OOIDA opposes effort to start pilot program for heavier trucks

By Greg Grisolano, associate editor

A push from a consortium of more than 80 shippers and agricultural haulers calls on Congress to establish a 15-year-long pilot program to study the effects of increasing heavy truck gross vehicle weight to 91,000 pounds.

Anheuser-Busch, Cargill, PepsiCo, the Coca-Cola Co. and a host of state cattle and poultry haulers associations signed on to a May 26 letter. The request asks the House Committee on Appropriations and its Subcommittee on Transportation, Housing and Urban Development to consider including language in the fiscal year 2018 THUD appropriations bill to create a pilot program allowing heavier truck configurations on federal interstate highways.

The Owner-Operator Independent Drivers Association is opposed to increasing gross vehicle weights on trucks. OOIDA opposes the move to increase truck weights, citing the demands that heavier trucks would place on already overburdened infrastructure, as well as additional costs to small-business truckers in terms of upgrading equipment and increased toll fees for an additional axle.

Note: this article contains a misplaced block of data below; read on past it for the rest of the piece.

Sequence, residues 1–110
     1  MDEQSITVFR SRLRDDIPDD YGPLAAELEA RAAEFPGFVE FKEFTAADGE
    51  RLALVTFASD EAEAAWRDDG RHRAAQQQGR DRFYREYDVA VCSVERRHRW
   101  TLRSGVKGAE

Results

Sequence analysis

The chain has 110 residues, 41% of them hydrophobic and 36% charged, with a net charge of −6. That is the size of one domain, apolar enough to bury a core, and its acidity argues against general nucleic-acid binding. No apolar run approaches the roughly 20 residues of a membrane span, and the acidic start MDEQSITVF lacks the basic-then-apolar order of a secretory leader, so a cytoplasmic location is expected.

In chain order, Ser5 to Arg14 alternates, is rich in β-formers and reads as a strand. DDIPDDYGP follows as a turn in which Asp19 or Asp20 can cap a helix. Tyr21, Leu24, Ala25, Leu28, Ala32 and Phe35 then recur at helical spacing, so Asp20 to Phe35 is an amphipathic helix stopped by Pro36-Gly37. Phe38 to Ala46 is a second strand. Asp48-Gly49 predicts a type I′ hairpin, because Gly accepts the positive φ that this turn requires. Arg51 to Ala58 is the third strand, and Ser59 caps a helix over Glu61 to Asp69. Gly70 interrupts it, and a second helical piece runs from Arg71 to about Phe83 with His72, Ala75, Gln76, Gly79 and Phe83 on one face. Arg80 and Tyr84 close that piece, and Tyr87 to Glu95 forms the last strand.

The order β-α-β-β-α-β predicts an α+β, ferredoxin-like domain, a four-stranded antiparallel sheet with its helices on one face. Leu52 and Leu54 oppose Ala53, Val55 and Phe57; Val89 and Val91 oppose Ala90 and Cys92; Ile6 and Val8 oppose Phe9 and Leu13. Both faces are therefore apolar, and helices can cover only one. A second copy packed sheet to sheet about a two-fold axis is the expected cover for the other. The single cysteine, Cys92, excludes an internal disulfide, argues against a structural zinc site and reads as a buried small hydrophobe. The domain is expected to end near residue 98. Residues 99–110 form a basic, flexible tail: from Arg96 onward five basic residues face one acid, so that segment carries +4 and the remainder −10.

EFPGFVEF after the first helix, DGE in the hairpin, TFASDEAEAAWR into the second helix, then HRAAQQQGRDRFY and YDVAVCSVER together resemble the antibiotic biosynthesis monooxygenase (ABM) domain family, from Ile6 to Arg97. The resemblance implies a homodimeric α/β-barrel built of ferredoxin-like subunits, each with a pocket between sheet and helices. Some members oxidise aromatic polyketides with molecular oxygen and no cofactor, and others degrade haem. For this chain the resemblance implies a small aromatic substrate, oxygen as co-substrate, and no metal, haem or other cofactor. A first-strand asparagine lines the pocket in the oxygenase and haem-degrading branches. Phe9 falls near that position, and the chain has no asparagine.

“We’ve communicated our opposition to lawmakers and will continue to do so,” OOIDA Director of Government Affairs Mike Matousek said. “We’re concerned about how increased weights will impact highway safety, the conditions of our roads and bridges, and the fact that drivers will haul more but get paid the same and likely be subjected to increased transportation-related taxes and fees.”

Thirty-one states allow trucks over 80,000 pounds on Federal Interstate Highways under special permits, categorical exemptions, or on designated corridors.

Citing a 2016 U.S. Department of Transportation study on Comprehensive Truck Size and Weight Limits, the letter claims that the 6-axle, 91,000-pound configuration could lead to a 1.2-billion-mile reduction in annual vehicle miles traveled, a 109-million-gallon reduction in annual fuel consumption, and a $5.6 billion reduction in annual logistics costs for American businesses.

The OOIDA Foundation recently issued a white paper on overweight trucks, pointing out that DOT’s 2015 study found that crash involvement rate for 6-axle truck configurations in Idaho, Michigan and Washington were consistently higher than the rate for 5-axle trucks. The Foundation also pointed out that the study concluded the 6-axle configuration would negatively affect more than 4,800 bridges, costing more than $1.1 billion. LL